I think “Iconic female” and “role model” and “accurate representation” and “feminist” all seem to get kind of swirled together. I think of “feminist” as something very progressive and Liz isn’t always that. (Mary Tyler Moore’s “Mary Richards” and Sarah Michelle Gellar’s “Buffy” still taking the cake.) But. I can appreciate the fact the show handles Liz as a “real” woman, which is a kind of feminist act in and of itself. What is progressively feminist about her, I also admire. She is free from glamazon expectations. She is free to be her awkward self (and change or not change and still be the lovable heart of the show). And at times, she does provoke you into wondering why she can’t have it all.

    • Liz Lemon is all the feminist she can be on a comedy series like 30 Rock. If she was always offended and constantly scholarly about her feminist ideas, it wouldn’t fit the humor of the show. Which is why she’s not an “outright” feminist, but rather, a relatable and accessible one. Which is why women seem to love her so much. She fights for women in her own little ways, but she’s not a textbook feminist. Or Buffy.

      • Well… Buffy had comedic elements. But that wasn’t the point of me mentioning her or Mary Richards. They’re both just two examples of how female TV characters can be relatable and progressive simultaneously.

        I don’t expect Liz to lecture, but I do see her more as a vehicle that draws attention to sexism than as something that stands up to it. People may osmotically deduce “Oh why should Liz have to pick between a kid and a work?” but I think there’s a great deal of other experience the character has had that undercuts her as a woman. I think she’s has qualities that accurately represent issues related to feminism and some of those qualities are progressively feminist, while others just run the character through conflict.

        But I guess that just gets into semantics.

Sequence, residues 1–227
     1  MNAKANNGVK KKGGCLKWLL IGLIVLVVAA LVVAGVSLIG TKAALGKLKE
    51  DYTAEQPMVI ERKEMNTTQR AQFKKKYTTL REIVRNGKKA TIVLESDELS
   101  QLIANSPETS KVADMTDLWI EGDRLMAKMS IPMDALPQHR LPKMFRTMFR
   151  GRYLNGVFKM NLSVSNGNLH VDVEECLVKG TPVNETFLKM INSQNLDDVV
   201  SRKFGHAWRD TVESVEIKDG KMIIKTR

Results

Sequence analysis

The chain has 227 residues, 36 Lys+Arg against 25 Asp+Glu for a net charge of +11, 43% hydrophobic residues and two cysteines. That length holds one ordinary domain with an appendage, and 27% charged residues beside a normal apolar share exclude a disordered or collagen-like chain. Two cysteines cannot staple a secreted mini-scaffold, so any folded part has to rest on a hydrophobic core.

• Well, it’s alllllllll just my opinion. And yes, I’d rather not get into semantics, or keep disputing the validity of Liz Lemon’s feminism because we obviously disagree. It was all just my observation and this post was written to appreciate the character.

          • It’s not that I “don’t” think she has feminist components (which I thought I’d pointed out in my first post) or that I don’t appreciate the character (which I also thought I did pointing out she’s smart and real but undercut). I was just bringing up another side of the character I’ve seen more often as the show progresses.

            • “I was just bringing up another side of the character I’ve seen more often as the show progresses.”

              I understand that. It just seemed like a really roundabout way of getting there to the point where I wasn’t even sure what we were debating anymore, lol.

  3. “They’re both just two examples of how female TV characters can be relatable and progressive simultaneously.”

    Correct me if I’m wrong, but doesn’t Buffy slay vampires? How does that relate to feminism and the modern woman?

    But it sure is progressive!

    • I think Buffy’s feminism stemmed less from the fact that she slayed vampires and more from the writer’s asserting her character as a powerful and equal human being. Buffy was this blonde, petite cheerleader but she subverted the classic horror film stereotype by also kicking ass. She was not a passive female but a strong and powerful one.

      She also had to fight to be considered equal, and constantly went back and forth about conforming to “traditional” ideas about what it means to be a woman (especially when she dated that douche Riley) and what ultimately makes her happy and gives her a sense of purpose in life.

      The show is very complex, one of the best of all time IMO, but it usually takes people a while to get past the “horror” angle (which is unfortunate because the horror genre, like sci-fi, is almost always a means of addressing contemporary social issues through fantastical worlds), or even the character’s name.

      • I probably could retort better than that, but unlike some people, I didn’t spend my entire day responding to a single blog post.

  4. Colleen, I really love this post. I think it encapsulates a new sort of “Awakening”. (I usually never reference Kate Chopin, but hell, we all need some more eleventh-grade English class, don’t we?) I think what I get out of your post is that art and culture showcasing the “modern” woman is still discussing how women are – well – stuck. It is often about our restrictions, like the inability to “have it all”, whatever that means. I always saw The Awakening as a book about being stuck – and I see it in contemporary works as well (Revolutionary Road being chiefly among them). But 30 Rock has something both of those can’t really do – it has the ability to mold and change. I guess much relies on what happens in Liz Lemon’s life – whether she willingly brings them on, or lets things happen to her.

    And also, I’m glad women watch Liz Lemon. She’s clearly not a role model, but she’s identifiable and relatable, if only in small details.